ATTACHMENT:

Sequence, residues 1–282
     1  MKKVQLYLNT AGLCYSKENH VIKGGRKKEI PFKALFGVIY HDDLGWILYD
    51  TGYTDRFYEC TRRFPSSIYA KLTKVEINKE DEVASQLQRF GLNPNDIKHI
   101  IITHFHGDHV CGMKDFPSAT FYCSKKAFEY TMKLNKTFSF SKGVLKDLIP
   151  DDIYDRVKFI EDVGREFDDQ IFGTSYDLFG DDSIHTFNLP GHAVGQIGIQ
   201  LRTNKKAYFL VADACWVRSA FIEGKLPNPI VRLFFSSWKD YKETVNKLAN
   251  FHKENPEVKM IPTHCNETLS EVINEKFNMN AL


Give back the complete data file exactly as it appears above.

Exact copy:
Sequence, residues 1–282
     1  MKKVQLYLNT AGLCYSKENH VIKGGRKKEI PFKALFGVIY HDDLGWILYD
    51  TGYTDRFYEC TRRFPSSIYA KLTKVEINKE DEVASQLQRF GLNPNDIKHI
   101  IITHFHGDHV CGMKDFPSAT FYCSKKAFEY TMKLNKTFSF SKGVLKDLIP
   151  DDIYDRVKFI EDVGREFDDQ IFGTSYDLFG DDSIHTFNLP GHAVGQIGIQ
   201  LRTNKKAYFL VADACWVRSA FIEGKLPNPI VRLFFSSWKD YKETVNKLAN
   251  FHKENPEVKM IPTHCNETLS EVINEKFNMN AL